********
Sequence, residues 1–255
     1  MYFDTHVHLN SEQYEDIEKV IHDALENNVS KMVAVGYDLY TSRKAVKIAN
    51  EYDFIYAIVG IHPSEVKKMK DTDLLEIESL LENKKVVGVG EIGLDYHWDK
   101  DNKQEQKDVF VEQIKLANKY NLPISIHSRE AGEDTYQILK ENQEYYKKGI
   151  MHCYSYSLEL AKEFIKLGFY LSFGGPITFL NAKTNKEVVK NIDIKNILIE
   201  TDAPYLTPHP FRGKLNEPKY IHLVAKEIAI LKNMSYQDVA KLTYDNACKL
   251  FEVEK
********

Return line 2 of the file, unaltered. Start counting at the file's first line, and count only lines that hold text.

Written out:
     1  MYFDTHVHLN SEQYEDIEKV IHDALENNVS KMVAVGYDLY TSRKAVKIAN